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| BRAIN CELLS
Printout: Label a Neuron
The brain and spinal cord are made up of many cells, including neurons and glial cells. Neurons are cells that send and receive electro-chemical signals to and from the brain and nervous system. There are about 100 billion neurons in the brain. There are many more glial cells; they provide support functions for the neurons, and are far more numerous than neurons.
There are many type of neurons. They vary in size from 4 microns (.004 mm) to 100 microns (.1 mm) in diameter. Their length varies from a fraction of an inch to several feet.
Neurons are nerve cells that transmit nerve signals to and from the brain at up to 200 mph. The neuron consists of a cell body (or soma) with branching dendrites (signal receivers) and a projection called an axon, which conduct the nerve signal. At the other end of the axon, the axon terminals transmit the electro-chemical signal across a synapse (the gap between the axon terminal and the receiving cell). The word "neuron" was coined by the German scientist Heinrich Wilhelm Gottfried von Waldeyer-Hartz in 1891 (he also coined the term "chromosome").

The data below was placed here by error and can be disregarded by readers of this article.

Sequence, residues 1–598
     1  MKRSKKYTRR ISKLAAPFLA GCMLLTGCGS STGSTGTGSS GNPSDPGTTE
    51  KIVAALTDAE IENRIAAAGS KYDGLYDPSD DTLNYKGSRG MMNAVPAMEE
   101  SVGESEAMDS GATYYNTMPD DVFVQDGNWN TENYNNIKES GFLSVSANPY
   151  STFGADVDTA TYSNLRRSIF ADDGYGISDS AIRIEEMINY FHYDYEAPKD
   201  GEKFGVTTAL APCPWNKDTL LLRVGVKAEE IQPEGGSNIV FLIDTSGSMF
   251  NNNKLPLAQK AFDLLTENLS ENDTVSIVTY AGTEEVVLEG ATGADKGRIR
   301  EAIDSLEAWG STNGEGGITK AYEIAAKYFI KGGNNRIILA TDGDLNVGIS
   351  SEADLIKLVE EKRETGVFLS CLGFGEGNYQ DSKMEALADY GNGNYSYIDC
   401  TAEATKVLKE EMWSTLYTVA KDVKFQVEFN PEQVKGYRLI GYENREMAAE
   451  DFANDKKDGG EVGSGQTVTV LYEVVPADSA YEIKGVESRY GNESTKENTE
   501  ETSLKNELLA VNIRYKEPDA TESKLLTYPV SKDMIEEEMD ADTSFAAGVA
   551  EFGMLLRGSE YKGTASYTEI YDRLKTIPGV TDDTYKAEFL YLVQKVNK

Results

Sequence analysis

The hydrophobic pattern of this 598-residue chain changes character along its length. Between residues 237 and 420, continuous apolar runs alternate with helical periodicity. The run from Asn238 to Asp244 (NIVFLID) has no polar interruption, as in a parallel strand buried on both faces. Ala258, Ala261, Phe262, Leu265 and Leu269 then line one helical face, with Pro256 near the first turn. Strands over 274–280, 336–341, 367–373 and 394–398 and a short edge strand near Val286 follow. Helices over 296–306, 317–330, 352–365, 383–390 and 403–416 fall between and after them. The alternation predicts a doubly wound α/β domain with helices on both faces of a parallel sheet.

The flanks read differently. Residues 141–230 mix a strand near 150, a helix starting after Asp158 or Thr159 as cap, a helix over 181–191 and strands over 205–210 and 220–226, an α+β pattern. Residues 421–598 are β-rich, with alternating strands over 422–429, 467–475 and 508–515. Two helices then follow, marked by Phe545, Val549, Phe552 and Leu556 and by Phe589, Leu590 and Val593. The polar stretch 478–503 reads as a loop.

The axon, a long extension of a nerve cell, and take information away from the cell body. Bundles of axons are known as nerves or, within the CNS (central nervous system), as nerve tracts or pathways. Dendrites bring information to the cell body.
Myelin coats and insulates the axon (except for periodic breaks called nodes of Ranvier), increasing transmission speed along the axon. Myelin is manufactured by Schwann's cells, and consists of 70-80% lipids (fat) and 20-30% protein.
The cell body (soma) contains the neuron's nucleus (with DNA and typical nuclear organelles). Dendrites branch from the cell body and receive messages.
A typical neuron has about 1,000 to 10,000 synapses (that is, it communicates with 1,000-10,000 other neurons, muscle cells, glands, etc.).
DIFFERENT TYPES OF NEURONS
There are different types of neurons. They all carry electro-chemical nerve signals, but differ in structure (the number of processes, or axons, emanating from the cell body) and are found in different parts of the body.
LIFE SPAN OF NEURONS
Unlike most other cells, neurons cannot regrow after damage (except neurons from the hippocampus). Fortunately, there are about 100 billion neurons in the brain.
Glial cells make up 90 percent of the brain's cells. Glial cells are nerve cells that don't carry nerve impulses. The various glial (meaning "glue") cells perform many important functions, including: digestion of parts of dead neurons, manufacturing myelin for neurons, providing physical and nutritional support for neurons, and more. Types of glial cells include Schwann's Cells, Satellite Cells, Microglia, Oligodendroglia, and Astroglia.
Neuroglia (meaning "nerve glue") are the another type of brain cell. These cells guide neurons during fetal development.
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